Ok, so now put your index finger on that 3rd fret (G note) of the sixth string and pluck it. Then put your ring finger on the 5th fret (A note) and pluck it. Put your pinky finger on the 7th fret (B note) and pluck it.
Put your index finger on the 8th fret (C note) and pluck it. Put your ring finger on the 10th fret (D note) and pluck it. Now put your pinky finger on the 12th fret (E note) and pluck that.
Put your index finger on the 14th fret (F# note) and pluck it. Then put your middle finger on the 15th fret (G note) and pluck it.
Congratulations, you just played the G major scale!
You played one octave of that scale from a G note to a higher pitched G note.
You played these notes; G, A, B, C, D, E, F# and finished on the G note (which would be the beginning of your next octave.
You advanced one whole step, one whole step, one half step, one whole step, one whole step, one whole step and one half step.
When you went from the G to the A you moved 2 Frets (one whole step). Then you went from the A to the B (one whole step) then from the B to the C was one fret (one half step). From the C to the D was 2 frets (one whole step) and then another whole step from the D to the E and one more whole step from the E to the F#. You finished with a half step up to the G note and if you had more room on that neck you could keep right on going in that same order of whole and half steps.
You could have started on any note you wanted and as long as you used the same formula of whole and half steps you would be playing the major scale of the note that you started on. Do you understand? If you started on the F note you would have played the F major scale. If you started on the A note you would have played the A major scale as long as you played in that original formula of steps. 1st note to the 2nd note is a whole step. 2nd note to the 3rd note is a whole step. 3rd note to the 4th note is a HALF step. 4th note to the 5th note is a whole step. 5th note to the 6th note is a whole step. 6th note to the 7th note is a whole step and finally the 7th note back to the 1st note is a half step. Other scales use different formulas of steps (intervals).
Naturally you will be playing this scale using all of the strings on your guitar. Try the G major scale using all the strings. Start on the sixth string and play 3 notes on that string (G, A, B). Then move to the fifth string and play the next 3 notes. Can you find them (C, D, and E)? Those are the notes that you must play if you are going to stay in the G major scale, so you have to find them. They are there I promise you. Can you prove that you are staying true to the formula? Move to the fourth string and play the next three notes (F#, G, and A). Keep going (three notes per string). On the third string are the next three notes (B, C, and D). On the second string are the next notes (E, F#, and G). When you get to the first string you will play the A, B, and C notes, and if you did it right you should finish with your pinky finger on the 8th fret. How did you do? I could have told you which frets to pluck on each string but you will learn so much more if you find the notes and contemplate how many steps you are advancing and why if you find them for yourself.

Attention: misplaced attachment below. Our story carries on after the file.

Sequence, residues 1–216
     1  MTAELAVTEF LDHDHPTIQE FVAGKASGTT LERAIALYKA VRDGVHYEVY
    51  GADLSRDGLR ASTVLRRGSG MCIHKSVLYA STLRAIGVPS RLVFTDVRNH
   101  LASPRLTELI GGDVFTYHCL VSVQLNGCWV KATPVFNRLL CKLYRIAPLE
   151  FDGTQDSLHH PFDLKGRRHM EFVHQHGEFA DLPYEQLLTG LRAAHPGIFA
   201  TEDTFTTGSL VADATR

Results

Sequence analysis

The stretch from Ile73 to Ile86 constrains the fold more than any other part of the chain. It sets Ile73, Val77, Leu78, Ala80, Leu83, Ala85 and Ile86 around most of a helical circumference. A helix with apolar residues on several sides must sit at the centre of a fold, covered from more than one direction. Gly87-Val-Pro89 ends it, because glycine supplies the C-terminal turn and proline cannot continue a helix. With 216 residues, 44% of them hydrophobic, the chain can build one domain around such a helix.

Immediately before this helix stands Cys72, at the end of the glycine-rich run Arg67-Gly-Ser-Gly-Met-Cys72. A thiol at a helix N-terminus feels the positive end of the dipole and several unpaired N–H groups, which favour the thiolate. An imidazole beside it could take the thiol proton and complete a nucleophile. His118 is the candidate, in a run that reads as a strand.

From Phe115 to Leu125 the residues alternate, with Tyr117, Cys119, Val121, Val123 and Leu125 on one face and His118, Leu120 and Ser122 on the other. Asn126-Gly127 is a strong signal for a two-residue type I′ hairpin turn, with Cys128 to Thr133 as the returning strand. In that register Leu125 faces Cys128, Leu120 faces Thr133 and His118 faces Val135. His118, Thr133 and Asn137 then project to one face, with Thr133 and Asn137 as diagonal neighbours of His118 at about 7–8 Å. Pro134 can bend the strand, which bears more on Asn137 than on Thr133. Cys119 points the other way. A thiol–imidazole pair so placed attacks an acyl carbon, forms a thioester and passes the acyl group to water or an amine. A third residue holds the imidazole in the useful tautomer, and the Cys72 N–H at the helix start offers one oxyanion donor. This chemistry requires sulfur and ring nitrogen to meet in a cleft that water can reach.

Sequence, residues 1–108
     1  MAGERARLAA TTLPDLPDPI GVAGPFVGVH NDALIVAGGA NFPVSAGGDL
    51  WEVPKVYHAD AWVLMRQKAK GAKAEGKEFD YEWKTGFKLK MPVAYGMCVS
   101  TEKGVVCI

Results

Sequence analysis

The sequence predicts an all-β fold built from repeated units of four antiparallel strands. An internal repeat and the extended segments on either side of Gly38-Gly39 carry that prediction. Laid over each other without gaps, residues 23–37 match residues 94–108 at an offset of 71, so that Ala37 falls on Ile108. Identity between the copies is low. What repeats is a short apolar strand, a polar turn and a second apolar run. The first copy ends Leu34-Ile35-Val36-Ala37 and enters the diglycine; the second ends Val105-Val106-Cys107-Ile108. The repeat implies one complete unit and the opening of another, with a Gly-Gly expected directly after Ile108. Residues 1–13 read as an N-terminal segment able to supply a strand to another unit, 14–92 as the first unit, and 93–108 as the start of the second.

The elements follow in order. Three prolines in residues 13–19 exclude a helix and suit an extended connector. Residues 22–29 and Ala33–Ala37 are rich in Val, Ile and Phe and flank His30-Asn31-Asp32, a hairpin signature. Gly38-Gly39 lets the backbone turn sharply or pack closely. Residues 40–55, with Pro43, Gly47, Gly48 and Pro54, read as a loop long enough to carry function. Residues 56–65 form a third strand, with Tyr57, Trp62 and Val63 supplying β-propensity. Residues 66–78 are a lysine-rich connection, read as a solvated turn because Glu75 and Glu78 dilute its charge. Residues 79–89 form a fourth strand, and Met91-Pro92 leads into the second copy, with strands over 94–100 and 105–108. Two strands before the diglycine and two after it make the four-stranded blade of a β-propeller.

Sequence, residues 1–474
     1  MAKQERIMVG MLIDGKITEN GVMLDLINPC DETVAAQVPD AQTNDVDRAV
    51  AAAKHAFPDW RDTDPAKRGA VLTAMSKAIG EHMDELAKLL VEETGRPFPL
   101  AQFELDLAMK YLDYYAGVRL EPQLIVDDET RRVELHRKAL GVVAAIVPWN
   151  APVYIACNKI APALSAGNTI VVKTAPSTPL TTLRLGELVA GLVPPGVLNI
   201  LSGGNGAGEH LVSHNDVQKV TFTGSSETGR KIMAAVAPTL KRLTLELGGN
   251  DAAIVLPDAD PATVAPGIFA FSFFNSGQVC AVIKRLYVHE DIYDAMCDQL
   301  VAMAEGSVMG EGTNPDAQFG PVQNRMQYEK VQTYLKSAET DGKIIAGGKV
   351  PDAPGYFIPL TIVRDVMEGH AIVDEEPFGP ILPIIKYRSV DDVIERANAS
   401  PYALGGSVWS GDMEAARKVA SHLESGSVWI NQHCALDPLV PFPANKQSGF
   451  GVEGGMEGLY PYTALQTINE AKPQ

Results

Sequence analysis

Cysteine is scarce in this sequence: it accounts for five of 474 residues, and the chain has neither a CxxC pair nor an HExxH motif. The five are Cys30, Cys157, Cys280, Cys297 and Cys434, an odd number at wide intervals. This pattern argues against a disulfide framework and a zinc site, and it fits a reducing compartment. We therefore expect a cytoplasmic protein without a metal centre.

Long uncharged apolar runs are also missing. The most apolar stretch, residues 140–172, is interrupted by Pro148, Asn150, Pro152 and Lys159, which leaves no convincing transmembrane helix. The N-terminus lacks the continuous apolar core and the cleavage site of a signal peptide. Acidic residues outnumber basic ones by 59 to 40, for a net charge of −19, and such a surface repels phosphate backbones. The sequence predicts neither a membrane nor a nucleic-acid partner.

This is the most basic and simple explanation I can give you to help you understand more advanced lessons that you will soon be studying. When you get to the scale lessons you will be reading things like this;
“The major scale consists of a whole step, a whole step, a half step, a whole step, a whole step, a whole step and a half step. They may write it like this W,W,H,W,W,W,H. You are now prepared to understand what is happening in this “major scale”. You’re gonna do GREAT!

Phip  
30 Sep 2009 20:35 | Quote
Joined: 23 Dec 2007
United States
Lessons: 1
Karma: 45
Moderator
Sorry,
I wanted to submit this as a lesson and I finally did do that, so could one of you mods please delete this topic and consider my lesson submission?
Thanks,
Phip